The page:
Is there such thing as Sun Up Syndrome ?
My mother has all the symptoms of sundown syndrome except that it happens only in the morning, not evening. Is there any such thing as sun up syndrome?
When you say that your mother is experiencing Sundown Syndrome in the morning, I assume you mean that your mother is agitated and confused. "Sun-up syndrome" is a first for me, in terms of Alzheimer's.
There are a couple of other possibilities:
"¢ If your mother is diabetic she may in fact be experiencing "dawn phenomenon," brought on by a sharp increase in blood sugar in the early morning hours.
"¢ She may react with agitation if your morning routines are very different from what she's used to.
"¢ I would suggest that you review her old habits: Does everyone in your household get up early whereas she liked to sleep in? Do you serve full breakfast whereas she used to only have tea or coffee? Might it have to do with her bathroom, bathing and shower rituals? If your mornings are in fact very different, you can try to follow her old routines and slowly change them to fit yours.
"¢ Try to involve her in your morning preparations. She can help with breakfast, laundry, dusting, or whatever captures her fancy.
"¢ Above all, you want to avoid conflict with her. A rule of thumb for caregivers: Never argue or admonish. It doesn't work and it's very much harder for people with memory-impairment to shake bad feelings, so it's important to help her stay positive.
It's natural for creatures, including us humans, to react to changes in light late in the day, although for most of us it's too subtle to notice. Some people with Alzheimer's and dementia are extra sensitive to the waning light and may experience this as a physical phenomenon, leading to anxiety, agitation and confusion. The condition may be aggravated by hunger and boredom. A small snack and a low-key activity, such as listening to soothing music will often help. However before we attribute this behavior to "sundown," or in your case "sun-up," syndrome, it's good to consider that this may be reactions to internal body clocks.
The majority of us spend our lives in routines and most of us don't need clocks to tell us what time it is. It's in our bones. If we spent decades in nine-to-five jobs, we knew when to leave in the mornings and when to wrap up and call it a day in the late afternoon; if we were stay-at-home mothers and housewives our routines were around our children's school schedules and meal preparations. These internal clocks stay with us long after we no longer need them. If we develop Alzheimer's or dementia and lose track of where we are in time, our body clocks may return.
A real example:
Marge had been moved from her own apartment to the secure Alzheimer's wing of her facility. There had been no attempt to gently transition her into this restrictive environment. Although she was in the advanced stage of Alzheimer's, she recognized right away that this was a secure unit (locked) and was understandably devastated.
The first day went pretty well, all things considered; Marge was confused and unhappy, but tried her best to fit in, but in mid-afternoon she was at the locked exit door trying in vain to work the code on the keypad. When her attempts failed she started pounding on the door and yelling for someone to open it. Several minutes later she had collapsed into a pile on the floor, sobbing.
Staff tried valiantly to coerce her back into the common room with no luck. The more they tried, the more hysterical she got. Finally two aides dragged her screaming away from the door. Once they had gotten her into the common room, it took considerable time and effort from both of them to calm her down.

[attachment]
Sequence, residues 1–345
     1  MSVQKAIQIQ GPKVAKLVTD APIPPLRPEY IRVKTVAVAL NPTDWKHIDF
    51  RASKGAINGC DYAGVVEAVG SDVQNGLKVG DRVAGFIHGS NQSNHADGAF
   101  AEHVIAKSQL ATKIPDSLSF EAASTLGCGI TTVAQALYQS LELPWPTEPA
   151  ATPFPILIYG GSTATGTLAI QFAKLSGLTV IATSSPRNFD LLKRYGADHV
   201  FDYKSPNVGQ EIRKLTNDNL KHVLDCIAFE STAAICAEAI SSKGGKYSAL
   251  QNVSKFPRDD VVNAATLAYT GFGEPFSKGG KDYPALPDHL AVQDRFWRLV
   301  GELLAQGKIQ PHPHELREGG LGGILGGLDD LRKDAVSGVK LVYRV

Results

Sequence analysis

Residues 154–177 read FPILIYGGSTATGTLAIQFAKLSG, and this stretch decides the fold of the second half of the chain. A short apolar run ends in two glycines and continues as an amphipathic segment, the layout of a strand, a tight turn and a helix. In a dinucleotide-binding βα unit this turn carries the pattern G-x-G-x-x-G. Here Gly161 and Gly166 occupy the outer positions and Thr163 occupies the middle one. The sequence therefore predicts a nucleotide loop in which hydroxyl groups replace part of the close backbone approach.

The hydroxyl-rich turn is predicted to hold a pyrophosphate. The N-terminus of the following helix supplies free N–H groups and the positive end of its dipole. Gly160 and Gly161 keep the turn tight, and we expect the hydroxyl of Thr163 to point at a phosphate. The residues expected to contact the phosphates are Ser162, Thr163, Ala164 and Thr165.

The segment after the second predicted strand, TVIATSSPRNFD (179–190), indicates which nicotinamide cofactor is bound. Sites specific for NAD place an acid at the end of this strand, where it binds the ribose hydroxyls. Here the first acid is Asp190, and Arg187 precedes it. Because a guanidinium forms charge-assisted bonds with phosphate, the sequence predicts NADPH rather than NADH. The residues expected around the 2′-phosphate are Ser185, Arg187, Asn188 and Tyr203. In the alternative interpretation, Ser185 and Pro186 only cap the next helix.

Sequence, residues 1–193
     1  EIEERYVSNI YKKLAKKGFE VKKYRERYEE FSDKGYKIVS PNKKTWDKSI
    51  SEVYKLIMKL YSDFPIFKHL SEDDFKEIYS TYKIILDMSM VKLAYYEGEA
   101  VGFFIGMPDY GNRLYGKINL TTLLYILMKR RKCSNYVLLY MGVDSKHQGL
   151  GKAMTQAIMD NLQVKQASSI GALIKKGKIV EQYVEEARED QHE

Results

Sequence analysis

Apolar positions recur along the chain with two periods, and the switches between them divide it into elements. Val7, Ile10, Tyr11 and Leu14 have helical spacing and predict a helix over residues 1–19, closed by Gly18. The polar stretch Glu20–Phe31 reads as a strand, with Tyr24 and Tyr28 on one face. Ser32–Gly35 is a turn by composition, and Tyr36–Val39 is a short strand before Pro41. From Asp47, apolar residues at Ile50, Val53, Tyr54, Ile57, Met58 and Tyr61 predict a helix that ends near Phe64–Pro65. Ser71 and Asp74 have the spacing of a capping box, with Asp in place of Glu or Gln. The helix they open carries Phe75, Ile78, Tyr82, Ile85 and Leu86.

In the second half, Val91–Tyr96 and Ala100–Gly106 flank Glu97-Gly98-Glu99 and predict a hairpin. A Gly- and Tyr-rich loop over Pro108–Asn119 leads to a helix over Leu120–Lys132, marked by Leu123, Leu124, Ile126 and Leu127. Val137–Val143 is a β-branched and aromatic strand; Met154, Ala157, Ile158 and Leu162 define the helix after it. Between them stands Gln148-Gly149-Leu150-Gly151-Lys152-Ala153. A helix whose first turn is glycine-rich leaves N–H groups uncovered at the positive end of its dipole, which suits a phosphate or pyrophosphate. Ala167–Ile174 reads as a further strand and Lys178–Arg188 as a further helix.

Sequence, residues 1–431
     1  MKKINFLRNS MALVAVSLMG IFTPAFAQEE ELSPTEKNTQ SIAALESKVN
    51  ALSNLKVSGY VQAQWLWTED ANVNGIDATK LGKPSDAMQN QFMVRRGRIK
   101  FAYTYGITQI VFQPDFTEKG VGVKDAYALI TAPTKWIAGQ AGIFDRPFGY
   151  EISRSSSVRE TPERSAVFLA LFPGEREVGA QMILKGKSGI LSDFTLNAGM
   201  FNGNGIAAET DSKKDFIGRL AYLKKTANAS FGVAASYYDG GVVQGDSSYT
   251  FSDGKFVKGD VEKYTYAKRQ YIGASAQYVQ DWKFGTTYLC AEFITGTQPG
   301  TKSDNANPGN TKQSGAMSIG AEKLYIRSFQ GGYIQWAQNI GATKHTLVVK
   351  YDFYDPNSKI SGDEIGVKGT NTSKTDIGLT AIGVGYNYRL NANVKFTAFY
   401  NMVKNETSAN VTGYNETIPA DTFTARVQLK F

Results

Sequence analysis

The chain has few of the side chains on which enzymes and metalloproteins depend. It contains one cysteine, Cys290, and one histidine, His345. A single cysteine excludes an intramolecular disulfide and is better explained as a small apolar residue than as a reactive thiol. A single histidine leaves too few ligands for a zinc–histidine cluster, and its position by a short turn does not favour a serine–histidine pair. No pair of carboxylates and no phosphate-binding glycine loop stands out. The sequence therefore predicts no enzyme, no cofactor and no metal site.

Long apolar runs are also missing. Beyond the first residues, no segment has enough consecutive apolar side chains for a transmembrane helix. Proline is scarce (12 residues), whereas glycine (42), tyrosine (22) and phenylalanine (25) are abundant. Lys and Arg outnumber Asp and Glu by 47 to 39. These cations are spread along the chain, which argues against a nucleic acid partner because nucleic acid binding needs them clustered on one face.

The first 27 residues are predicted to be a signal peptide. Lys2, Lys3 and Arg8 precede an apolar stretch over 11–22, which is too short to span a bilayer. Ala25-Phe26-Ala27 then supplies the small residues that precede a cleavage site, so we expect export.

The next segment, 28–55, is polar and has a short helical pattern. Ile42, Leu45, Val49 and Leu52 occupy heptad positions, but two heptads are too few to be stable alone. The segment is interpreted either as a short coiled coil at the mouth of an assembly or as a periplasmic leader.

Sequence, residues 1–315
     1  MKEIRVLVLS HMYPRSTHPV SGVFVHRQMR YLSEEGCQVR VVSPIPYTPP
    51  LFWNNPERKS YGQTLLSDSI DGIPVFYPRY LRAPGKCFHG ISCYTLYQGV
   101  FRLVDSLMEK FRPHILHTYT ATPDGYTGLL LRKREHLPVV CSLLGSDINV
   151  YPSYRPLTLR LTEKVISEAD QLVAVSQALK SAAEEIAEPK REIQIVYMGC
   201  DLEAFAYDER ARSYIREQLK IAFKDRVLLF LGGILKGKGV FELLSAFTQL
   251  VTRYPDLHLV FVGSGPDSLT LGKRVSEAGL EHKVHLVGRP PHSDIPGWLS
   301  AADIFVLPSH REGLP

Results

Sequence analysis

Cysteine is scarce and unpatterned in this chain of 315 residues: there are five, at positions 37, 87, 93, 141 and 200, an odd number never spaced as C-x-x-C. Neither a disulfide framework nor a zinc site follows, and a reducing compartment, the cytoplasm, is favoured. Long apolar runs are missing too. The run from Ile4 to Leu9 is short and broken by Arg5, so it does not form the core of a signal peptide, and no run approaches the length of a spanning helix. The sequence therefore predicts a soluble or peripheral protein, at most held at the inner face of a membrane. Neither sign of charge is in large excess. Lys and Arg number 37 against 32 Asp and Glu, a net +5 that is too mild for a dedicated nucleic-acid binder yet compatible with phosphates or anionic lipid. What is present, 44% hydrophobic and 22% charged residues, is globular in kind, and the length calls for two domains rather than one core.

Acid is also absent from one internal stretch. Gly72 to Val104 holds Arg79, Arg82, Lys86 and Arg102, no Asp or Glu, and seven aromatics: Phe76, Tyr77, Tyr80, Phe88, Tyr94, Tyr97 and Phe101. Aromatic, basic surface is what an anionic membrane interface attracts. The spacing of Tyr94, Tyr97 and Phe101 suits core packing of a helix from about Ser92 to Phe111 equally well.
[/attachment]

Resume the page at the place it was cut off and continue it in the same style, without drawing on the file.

Marge continued to adjust quite well during the day. She was by nature a social person and during that first week, she was quick to make friends with the other residents. However, by mid-afternoon she was back at the locked door and her agitation increased. After a couple of days, we knew we had to intervene one way or another. Not wanting to subject her to drugs, we decided to start by assuming this was a body clock reaction rather than sundowning. A conversation with her daughter confirmed our suspicions. When her children were young, Marge would pick up them up from school every day in the mid-afternoon. This information immediately explained her outbursts. We suspected that the stress of the move had activated her old body clock and sent her into this altered reality. In her mind, she was a young mother and her children were stranded in front of the school and this locked exit was preventing her from reaching them. No wonder she was panicked and hysterical.
The Loving Lie: Once we understood her history, we decided to use a loving lie to help her. The following afternoon when Marge was once again pounding on the door, we "relayed a message from her friend who had called just then." We told her that her friend would pick up all the children from school today. Sensing that Marge might not want any favors from anybody, we decided to add that her friend expected Marge to pick them up tomorrow. She reacted with immediate relief, reverted back to her "present" self, and readily accepted our invitation to join the others in a cup of tea. We used our loving lie for the next couple of weeks until one afternoon when she seemed to have forgotten all about the school, the children, and the exit door. We took this as a sign that she finally felt safe in her new environment.
A loving lie (also known as therapeutic lie) is a response within a confused person's reality at the moment. If in her mind, Marge was in her mid-twenties, a mother with young kids, we needed a reassurance for her that fit that scenario. Thus our loving lie became her truth.
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